The question will be raised whether oxytocin can serve as an effective moral enhancer. Different types of moral enhancement will be addressed, one of them being compulsory moral enhancement. It will be argued that oxytocin cannot serve as an effective moral enhancer if its use is being made compulsory. Hence, compulsory administration of oxytocin does not result in genuine moral enhancement. In order to demonstrate this, a stipulation of the main potentially beneficial outcomes of using oxytocin as a moral enhancer will be offered, as well as a discussion of objections to the notion that oxytocin can be an effective moral enhancer. It will be concluded that mandatory administration of oxytocin is ineffective because of a combination of two reasons: (1) mandatory administration of oxytocin renders moral reflection practically superfluous; (2) without moral reflection the beneficial outcomes of the use of oxytocin do not outweigh its drawbacks to the degree that we could speak of effective moral enhancement.
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Moral compulsion I define as the act of forcing an agent to act in a morally desirable manner in a way that violates that agent’s moral agency (for a similar formulation, see Simkulet 2012, p. 17).
“Practical” will be used in this paper as an antonym of “theoretical”. The meaning of “practically superfluous” comes close to “functionally superfluous”. It denotes something that is unusable.
Persson and Savulescu define ultimate harm as an event or series of events that make worthwhile life on this planet forever impossible (Persson and Savulescu 2008, p. 174). They argue in one way or another that, regardless of how one defines “moral enhancement”, an agent’s freedom to do wrong must be compulsorily curtailed, as failure to do so will inevitably lead to ultimate harm.
The reasoning can also be stated as follows: (1) Compulsory administration of oxytocin renders the role of moral reflection practically superfluous, which implies that options (a) and (b) are being retained (reflecting the same, acting the same and reflecting the same, acting differently). (2) As with a practically superfluous role of moral reflection we cannot use oxytocin as an effective moral enhancer, only option a) remains (reflecting the same, acting the same). (3) As option (a) is not a case of moral enhancement, we cannot use oxytocin as an effective moral enhancer if we make its administration compulsory.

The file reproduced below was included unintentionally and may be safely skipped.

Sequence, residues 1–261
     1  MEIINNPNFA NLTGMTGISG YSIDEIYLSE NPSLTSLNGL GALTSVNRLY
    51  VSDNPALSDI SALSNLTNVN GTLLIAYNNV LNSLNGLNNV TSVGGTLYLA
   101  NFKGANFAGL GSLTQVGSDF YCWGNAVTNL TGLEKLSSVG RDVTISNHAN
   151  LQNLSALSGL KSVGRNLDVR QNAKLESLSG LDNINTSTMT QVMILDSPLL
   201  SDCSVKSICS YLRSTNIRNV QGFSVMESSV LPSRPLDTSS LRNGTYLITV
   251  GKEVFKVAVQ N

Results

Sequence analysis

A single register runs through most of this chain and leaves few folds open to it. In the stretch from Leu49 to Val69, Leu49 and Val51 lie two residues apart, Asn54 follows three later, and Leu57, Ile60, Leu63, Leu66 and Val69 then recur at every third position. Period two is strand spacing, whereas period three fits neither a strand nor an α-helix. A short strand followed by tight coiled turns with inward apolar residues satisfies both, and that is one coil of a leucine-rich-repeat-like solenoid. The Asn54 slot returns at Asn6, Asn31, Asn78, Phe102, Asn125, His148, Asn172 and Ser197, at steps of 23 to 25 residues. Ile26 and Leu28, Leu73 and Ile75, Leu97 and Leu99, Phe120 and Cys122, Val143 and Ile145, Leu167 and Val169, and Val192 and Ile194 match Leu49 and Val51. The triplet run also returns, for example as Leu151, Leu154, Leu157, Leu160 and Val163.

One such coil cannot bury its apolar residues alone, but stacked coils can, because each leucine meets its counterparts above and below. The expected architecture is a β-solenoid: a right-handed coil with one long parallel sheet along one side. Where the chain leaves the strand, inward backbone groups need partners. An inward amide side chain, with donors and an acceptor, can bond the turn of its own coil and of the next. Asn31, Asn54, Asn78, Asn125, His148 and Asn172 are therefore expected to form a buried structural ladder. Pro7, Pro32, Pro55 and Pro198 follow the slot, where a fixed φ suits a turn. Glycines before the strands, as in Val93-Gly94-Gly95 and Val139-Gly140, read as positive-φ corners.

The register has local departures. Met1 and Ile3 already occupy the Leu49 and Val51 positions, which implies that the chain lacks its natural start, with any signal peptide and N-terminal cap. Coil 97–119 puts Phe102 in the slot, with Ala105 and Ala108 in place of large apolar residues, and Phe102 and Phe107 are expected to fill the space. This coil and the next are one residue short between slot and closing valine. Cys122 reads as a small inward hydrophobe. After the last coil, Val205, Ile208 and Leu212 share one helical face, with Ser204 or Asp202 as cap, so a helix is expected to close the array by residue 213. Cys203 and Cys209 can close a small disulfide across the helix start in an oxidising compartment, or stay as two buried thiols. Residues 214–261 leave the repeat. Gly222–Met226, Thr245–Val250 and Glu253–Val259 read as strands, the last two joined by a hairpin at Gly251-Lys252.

Serotonin is a case in point in that regard. For an analysis of the detrimental outcomes of the use of Selective serotonin reuptake inhibitors (SSRIs), see Wiseman (2014).
For example, oxytocin can help romantically attached couples by decreasing their anxiety during periods of separation (Marazziti et al. 2006). If a couple is separated for a long period of time, the fear of betrayal might increase. A lack of physical intimacy can augment this fear. If we believe that we risk being exposed to betrayal, we may respond in kind. As this is likely to hurt our partner, it is not morally right. More trust will make us less likely to hurt our partner.
In one study, intranasal oxytocin apparently caused men in a monogamous relationship to increase the distance between themselves and an attractive woman during a first encounter by more than 10–15 centimeters. Single men did not increase this distance (Scheele et al. 2012). This implies that oxytocin might stimulate fidelity. An anonymous reviewer rightly noted however that increased fidelity might be harmful if it is unearned.
One version of the trolley thought experiment is the following. A runaway trolley is about to kill five people who lie tied up on its track, unable to move. You can help. All you have to do is pull a hand lever to switch tracks, saving the five people. But there is a problem. Someone stands on the sidetrack unto which you can divert the trolley. There is no time to warn him. Hence, by pulling the hand lever and guiding the trolley to safety you will save five people, but at the same time have an active role in killing one person. A variety of complex moral issues arise when we think about which action is the morally justified one to take.
Similar points can be made about the adaptiveness/maladaptiveness of romantic attachment.
See http://www.theguardian.com/science/2012/jul/15/interview-dr-love-paul-zak; retrieved on 23 January 2017.
I am indebted to Harris Wiseman for certain segments in this discussion.
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Rakić, V. Compulsory administration of oxytocin does not result in genuine moral enhancement. Med Health Care and Philos 20, 291–297 (2017). https://doi.org/10.1007/s11019-017-9762-5
- Moral enhancement
- Moral reflection
- Moral behavior